In the Tsiolkovsky rocket equation derivation there is a part that says: [tex]\frac{dV}{dt} = -\upsilon_e \frac{1}{m} \frac{dm}{dt}[/tex] "Assuming v_e, is constant, this may be integrated to yield:" [tex]\Delta V\ = v_e \ln \frac {m_0} {m_1} [/tex] How does this work? The differential is an operator and I am pretty sure you just can't cancel the dt. I wonder what assumptions are needed to be able to legally just remove the "dt"s though. Thanks!
Multiply both sides by dt, and then integrate both sides to get: [tex]\int \frac{dV}{dt} dt = \int -\upsilon_e \frac{1}{m} \frac{dm}{dt} dt[/tex] Now, the left side can be given the substitution u=V, du/dt= dV/dt or du = dV/dt dt. The right side can be given the substitution w=m, dw = dm/dt dt, thus turning your equation into... [tex]\int du = \int -\upsilon_e \frac{1}{w} dw[/tex] And both sides of those can obviously be integrated.
You can also look at it this way: [tex]\int_{t_0}^{t_f} dt~\frac{dV}{dt} = V(t_f) - V(t_0)[/tex] by the fundamental theorem of calculus. Similarly, [tex]\int_{t_0}^{t_f}dt~\frac{1}{m}\frac{dm}{dt} = \int_{t_0}^{t_f}dt~\frac{d}{dt}\left(\ln m(t) \right) = \ln m(t_f) - \ln m(t_0) = \ln\left(\frac{m(t_f)}{m(t_0)}\right),[/tex] again due to the fundamental theorem. We also recognized that [itex]d(\ln m(t))/dt = (1/m) dm/dt[/itex].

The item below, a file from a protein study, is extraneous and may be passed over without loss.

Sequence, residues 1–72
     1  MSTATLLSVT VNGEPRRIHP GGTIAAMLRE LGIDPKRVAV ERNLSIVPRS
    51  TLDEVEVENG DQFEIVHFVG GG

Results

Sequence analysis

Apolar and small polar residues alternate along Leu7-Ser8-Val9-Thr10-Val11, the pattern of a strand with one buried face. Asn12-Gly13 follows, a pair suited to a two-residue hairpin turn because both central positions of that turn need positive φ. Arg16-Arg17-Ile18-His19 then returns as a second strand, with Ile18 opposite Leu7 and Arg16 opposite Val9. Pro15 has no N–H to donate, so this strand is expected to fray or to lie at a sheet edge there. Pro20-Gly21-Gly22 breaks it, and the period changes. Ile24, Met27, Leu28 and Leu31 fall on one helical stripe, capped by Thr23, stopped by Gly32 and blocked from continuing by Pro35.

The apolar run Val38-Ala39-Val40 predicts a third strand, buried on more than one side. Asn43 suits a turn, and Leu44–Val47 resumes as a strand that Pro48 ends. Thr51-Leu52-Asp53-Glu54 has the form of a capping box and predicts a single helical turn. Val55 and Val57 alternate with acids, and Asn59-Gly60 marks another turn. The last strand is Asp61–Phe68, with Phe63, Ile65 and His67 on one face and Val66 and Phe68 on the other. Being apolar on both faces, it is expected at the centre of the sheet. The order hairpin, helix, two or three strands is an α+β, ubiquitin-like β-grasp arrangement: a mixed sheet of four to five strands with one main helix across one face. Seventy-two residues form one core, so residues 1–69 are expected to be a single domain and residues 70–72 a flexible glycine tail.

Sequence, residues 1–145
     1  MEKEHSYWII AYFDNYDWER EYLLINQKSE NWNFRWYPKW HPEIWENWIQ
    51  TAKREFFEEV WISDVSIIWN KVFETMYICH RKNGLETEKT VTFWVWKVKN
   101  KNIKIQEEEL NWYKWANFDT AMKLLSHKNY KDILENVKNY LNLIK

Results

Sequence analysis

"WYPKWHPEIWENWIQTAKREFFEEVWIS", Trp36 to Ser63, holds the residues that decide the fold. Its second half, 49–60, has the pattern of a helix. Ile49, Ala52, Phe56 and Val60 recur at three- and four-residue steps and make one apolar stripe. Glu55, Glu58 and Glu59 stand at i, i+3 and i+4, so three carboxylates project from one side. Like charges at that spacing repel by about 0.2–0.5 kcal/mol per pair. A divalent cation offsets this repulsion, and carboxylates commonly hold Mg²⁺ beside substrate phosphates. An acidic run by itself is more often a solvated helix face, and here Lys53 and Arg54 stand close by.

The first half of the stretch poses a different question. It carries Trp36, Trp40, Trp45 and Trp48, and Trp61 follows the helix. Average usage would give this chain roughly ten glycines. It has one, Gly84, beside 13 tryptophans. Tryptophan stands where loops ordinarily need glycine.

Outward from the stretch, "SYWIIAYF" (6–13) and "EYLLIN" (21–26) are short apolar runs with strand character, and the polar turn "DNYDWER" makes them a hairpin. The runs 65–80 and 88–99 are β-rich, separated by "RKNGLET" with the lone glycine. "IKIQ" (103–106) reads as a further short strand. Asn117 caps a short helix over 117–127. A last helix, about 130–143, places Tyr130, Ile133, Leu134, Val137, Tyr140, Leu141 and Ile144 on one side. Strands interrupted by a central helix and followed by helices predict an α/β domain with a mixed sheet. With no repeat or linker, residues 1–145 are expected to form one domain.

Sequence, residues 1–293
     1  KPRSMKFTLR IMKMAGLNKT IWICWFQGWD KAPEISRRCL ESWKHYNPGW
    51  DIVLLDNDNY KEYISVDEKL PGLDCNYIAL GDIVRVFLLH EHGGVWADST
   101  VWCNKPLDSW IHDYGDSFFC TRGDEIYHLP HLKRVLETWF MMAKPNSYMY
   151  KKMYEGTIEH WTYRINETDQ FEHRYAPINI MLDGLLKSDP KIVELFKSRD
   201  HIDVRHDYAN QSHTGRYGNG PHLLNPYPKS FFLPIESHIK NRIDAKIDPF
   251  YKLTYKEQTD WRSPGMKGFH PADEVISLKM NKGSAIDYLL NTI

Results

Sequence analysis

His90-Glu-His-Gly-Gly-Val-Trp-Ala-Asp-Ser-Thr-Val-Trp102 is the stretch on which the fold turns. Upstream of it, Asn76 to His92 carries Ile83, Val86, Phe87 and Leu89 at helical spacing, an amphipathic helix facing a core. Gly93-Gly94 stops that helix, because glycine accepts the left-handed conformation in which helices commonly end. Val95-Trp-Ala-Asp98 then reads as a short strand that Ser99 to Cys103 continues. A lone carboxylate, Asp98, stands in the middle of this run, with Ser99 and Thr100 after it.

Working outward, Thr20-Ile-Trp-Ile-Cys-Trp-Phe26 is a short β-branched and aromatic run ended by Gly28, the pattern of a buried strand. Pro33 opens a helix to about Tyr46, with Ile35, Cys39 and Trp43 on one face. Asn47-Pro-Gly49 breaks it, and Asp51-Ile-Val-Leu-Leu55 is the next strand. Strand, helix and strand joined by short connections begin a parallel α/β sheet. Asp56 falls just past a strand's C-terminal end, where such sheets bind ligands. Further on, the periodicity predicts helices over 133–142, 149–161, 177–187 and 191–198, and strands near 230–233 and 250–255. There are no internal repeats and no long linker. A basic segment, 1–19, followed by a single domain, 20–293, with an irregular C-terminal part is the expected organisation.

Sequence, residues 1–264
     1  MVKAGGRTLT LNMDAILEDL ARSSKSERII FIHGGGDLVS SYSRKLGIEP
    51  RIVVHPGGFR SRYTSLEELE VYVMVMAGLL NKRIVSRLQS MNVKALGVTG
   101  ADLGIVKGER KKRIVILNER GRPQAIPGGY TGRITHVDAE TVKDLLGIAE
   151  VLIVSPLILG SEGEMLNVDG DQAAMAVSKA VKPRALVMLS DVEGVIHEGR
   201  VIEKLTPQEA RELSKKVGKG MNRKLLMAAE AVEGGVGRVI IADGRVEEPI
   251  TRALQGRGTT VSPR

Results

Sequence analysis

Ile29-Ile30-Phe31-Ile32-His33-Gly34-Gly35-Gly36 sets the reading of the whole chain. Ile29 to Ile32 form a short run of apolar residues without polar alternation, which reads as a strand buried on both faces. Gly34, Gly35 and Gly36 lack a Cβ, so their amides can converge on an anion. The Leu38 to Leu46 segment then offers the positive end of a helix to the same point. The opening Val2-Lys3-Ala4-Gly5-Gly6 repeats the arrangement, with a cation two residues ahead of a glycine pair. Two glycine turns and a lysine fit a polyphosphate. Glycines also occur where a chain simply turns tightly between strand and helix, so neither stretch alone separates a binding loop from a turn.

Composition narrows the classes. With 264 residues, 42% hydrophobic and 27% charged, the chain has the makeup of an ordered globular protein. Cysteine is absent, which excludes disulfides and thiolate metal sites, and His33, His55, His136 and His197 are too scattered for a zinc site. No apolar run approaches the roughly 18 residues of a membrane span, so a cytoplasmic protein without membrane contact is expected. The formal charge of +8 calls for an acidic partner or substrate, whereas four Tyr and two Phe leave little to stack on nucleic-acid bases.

Thanks! Another way to see it. One further detail: I think we have been leaving out the absolute value sign. [tex] \int \frac{1}{w} dw = \ln |w| + c[/tex] However wiki says this is true: [tex] \frac{d}{dw} \ln(w) = \frac{1}{w} [/tex] Assuming that is true then using the fundamental theorem of calc we would get an answer without the absolute value. I am not sure how to reconcile that. Do you guys understand this subtlety?
We could have written the absolute value sign when we integrated, but m is presumably the mass, which is never negative, so we don't need it in this case. The absolute value sign appears in infinite integrals when it's not specified whether the variable is positive or negative, or in definite integrals when you know for sure the variable is negative (and don't feel like writing [itex]\ln (-x)[/itex] all the time). If x is positive: [tex]\frac{d}{dx}\ln x = \frac{1}{x}[/tex] If x is negative, only ln(-x) makes sense, since the argument of the log must be positive. So: [tex]\frac{d}{dx}\ln(-x) = \frac{1}{-x}(-1) = \frac{1}{x}[/tex] Since the derivative of both ln(x) and ln(-x) gives 1/x, we can write this in compact form saying the derivative of ln|x| is 1/x. (Note also that ln(ax) has a derivative of 1/x. So, if you differentiate ln(ax), to get it back when you integrate, you can write the arbitrary constant as ln(a), which gives back ln(ax)).